Biodegradable polyphosphazene biomaterials for tissue engineering and delivery of therapeutics.

Baillargeon AL, Mequanint K - Biomed Res Int (2014)

Scheme showing the synthesis and functionalization of poly(dichlorophosphazene) (1b) in the overall synthesis of polyphosphazenes from hexachlorocyclotriphosphazene (1a). Reproduced from [5] by permission of the Royal Society of Chemistry (http://dx.doi.org/10.1039/B926402G).
© Copyright Policy - open-access
Related In: Results  -  Collection

Show All Figures
getmorefigures.php?uid=PMC4022062&req=5

sch1: Scheme showing the synthesis and functionalization of poly(dichlorophosphazene) (1b) in the overall synthesis of polyphosphazenes from hexachlorocyclotriphosphazene (1a). Reproduced from [5] by permission of the Royal Society of Chemistry (http://dx.doi.org/10.1039/B926402G).
Mentions: Although the thermal ring polymerization of the trimer (1a) to linear poly(dichlorophosphazene) was attempted in the late 1800s by H. N. Stokes, a useful material that was soluble and capable of being functionalized was not realized until the 1960s. The initial thermal ring opening polymerization performed by Stokes lead to a product that was insoluble, due to crosslinking, and that was readily susceptible to hydrolysis when exposed to moisture [18]. In 1965, Allcock and Kugel [27] were able to synthesis linear poly(dichlorophosphazene) through a well-controlled thermal ring opening polymerization from the cyclic trimer hexachlorocyclotriphosphazene according to Scheme 1. The product obtained was soluble allowing it to be modified further by macromolecular substitution of the reactive P–Cl bonds with organic and organometallic nucleophiles. The thermal ring opening polymerization technique developed by Allcock et al. is the most commonly used route to prepare the linear poly(dichlorophosphazene) precursor [5, 18]. A typical process involves reacting purified hexachlorocyclotriphosphazene trimer at 250°C over 5 days in an evacuated polymerization tube. At this point, soluble poly(dichlorophosphazene) has been formed that can be purified and functionalized via the macromolecular substitution reaction (Scheme 1, 1a→1b) [18]. Despite the success of the bulk phase thermal ring opening polymerization in lab scale syntheses, this method is not economically feasible for large-scale production of polyphosphazene materials. Alternative methods, which will not be discussed in this review, including solution phase thermal ring opening [28], living cationic [29–32], and one-pot De Jaeger [33] polymerization techniques have been reported.

Bottom Line: Polyphosphazenes are synthesized through a relatively well-known two-step reaction scheme which involves the substitution of the initial linear precursor with a wide range of nucleophiles.The objective of this review is to discuss the suitability of poly(amino acid ester)phosphazene biomaterials in regard to their unique stimuli responsive properties, tunable degradation rates and mechanical properties, as well as in vitro and in vivo biocompatibility.Lastly, the utility of polyphosphazenes is further extended as they are being employed in blend materials for new applications and as another method of tailoring material properties.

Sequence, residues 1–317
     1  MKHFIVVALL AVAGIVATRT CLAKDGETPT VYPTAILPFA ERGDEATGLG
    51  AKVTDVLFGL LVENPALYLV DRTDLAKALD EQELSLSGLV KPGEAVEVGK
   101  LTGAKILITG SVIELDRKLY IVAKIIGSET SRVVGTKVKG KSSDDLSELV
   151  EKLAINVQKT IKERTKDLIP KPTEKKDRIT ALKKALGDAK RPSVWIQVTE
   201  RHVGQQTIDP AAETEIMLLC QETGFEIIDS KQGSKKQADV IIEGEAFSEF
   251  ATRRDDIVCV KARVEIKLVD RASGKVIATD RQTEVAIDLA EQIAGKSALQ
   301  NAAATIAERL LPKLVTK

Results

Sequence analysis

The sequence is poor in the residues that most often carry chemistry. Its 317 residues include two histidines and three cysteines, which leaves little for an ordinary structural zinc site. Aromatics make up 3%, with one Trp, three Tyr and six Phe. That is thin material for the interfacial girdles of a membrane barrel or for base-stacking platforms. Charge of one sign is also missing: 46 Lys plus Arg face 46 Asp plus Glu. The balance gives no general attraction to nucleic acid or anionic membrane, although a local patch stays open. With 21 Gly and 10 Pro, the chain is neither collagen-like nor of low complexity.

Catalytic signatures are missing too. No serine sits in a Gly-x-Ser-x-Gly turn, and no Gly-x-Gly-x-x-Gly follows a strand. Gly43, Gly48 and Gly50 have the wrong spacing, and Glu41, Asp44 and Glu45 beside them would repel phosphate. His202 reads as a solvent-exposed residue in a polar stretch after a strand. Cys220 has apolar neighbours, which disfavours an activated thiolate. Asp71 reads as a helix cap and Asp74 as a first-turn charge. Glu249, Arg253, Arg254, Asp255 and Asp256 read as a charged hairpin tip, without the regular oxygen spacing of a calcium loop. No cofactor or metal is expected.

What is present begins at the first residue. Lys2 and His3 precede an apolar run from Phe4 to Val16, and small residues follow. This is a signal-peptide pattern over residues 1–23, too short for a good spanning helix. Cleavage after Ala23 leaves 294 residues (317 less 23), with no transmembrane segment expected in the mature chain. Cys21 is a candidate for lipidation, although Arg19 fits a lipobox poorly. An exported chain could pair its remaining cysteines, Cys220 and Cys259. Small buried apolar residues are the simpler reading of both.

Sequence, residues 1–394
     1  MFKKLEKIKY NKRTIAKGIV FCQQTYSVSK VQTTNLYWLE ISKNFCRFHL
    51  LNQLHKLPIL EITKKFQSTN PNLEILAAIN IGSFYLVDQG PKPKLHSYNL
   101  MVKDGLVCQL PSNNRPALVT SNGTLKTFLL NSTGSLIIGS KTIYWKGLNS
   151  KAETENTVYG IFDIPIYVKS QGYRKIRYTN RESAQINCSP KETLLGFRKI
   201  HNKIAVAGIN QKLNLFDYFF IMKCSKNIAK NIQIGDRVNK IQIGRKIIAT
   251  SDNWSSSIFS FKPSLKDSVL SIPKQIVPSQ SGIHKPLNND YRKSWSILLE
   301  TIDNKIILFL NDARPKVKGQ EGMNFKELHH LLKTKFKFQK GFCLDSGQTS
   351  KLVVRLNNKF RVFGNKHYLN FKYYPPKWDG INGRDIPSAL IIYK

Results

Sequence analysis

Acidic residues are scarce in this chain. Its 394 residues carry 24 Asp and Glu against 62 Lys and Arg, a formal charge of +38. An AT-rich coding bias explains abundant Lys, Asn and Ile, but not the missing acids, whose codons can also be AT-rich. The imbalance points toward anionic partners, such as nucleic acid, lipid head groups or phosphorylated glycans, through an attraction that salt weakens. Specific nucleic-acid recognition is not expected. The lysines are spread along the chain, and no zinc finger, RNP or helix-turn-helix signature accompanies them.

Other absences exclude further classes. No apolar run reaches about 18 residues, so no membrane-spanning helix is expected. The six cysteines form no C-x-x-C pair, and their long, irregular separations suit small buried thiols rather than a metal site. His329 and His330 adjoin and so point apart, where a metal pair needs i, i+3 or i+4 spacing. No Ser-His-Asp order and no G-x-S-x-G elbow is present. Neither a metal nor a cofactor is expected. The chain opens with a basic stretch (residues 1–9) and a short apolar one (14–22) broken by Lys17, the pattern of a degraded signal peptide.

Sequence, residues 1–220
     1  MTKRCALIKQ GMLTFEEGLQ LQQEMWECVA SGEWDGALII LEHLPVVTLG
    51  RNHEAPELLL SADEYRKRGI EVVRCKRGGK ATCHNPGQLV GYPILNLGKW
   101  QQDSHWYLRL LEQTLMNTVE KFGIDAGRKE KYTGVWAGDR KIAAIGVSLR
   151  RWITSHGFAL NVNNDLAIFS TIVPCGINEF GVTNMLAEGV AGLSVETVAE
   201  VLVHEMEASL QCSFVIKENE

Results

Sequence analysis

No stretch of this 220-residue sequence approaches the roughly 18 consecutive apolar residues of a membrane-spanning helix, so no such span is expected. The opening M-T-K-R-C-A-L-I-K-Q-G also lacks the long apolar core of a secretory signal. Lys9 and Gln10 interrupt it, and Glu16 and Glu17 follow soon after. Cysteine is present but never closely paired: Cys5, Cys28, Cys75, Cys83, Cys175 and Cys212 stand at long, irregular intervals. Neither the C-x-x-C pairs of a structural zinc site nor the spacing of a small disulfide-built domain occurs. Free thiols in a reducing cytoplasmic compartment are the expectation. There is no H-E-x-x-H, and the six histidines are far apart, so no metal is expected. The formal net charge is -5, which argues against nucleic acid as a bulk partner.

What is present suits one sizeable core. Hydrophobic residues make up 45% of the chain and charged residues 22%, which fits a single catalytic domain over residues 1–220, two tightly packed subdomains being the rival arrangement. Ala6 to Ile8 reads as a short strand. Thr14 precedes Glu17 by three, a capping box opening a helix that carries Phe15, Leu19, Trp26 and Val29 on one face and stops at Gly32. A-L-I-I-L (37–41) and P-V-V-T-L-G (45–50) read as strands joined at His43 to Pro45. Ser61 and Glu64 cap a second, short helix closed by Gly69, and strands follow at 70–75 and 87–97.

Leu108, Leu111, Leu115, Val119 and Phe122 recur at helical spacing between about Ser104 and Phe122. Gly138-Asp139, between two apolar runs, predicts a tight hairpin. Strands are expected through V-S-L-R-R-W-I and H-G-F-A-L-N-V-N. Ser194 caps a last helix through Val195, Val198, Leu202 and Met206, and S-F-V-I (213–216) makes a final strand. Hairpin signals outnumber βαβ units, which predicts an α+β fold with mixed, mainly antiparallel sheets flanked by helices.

View Article: PubMed Central - PubMed

Affiliation: Graduate Program of Biomedical Engineering, Faculty of Engineering, The University of Western Ontario, London, ON, Canada N6A 5B9.

ABSTRACT
Degradable biomaterials continue to play a major role in tissue engineering and regenerative medicine as well as for delivering therapeutic agents. Although the chemistry of polyphosphazenes has been studied extensively, a systematic review of their applications for a wide range of biomedical applications is lacking. Polyphosphazenes are synthesized through a relatively well-known two-step reaction scheme which involves the substitution of the initial linear precursor with a wide range of nucleophiles. The ease of substitution has led to the development of a broad class of materials that have been studied for numerous biomedical applications including as scaffold materials for tissue engineering and regenerative medicine. The objective of this review is to discuss the suitability of poly(amino acid ester)phosphazene biomaterials in regard to their unique stimuli responsive properties, tunable degradation rates and mechanical properties, as well as in vitro and in vivo biocompatibility. The application of these materials in areas such as tissue engineering and drug delivery is discussed systematically. Lastly, the utility of polyphosphazenes is further extended as they are being employed in blend materials for new applications and as another method of tailoring material properties.

Show MeSH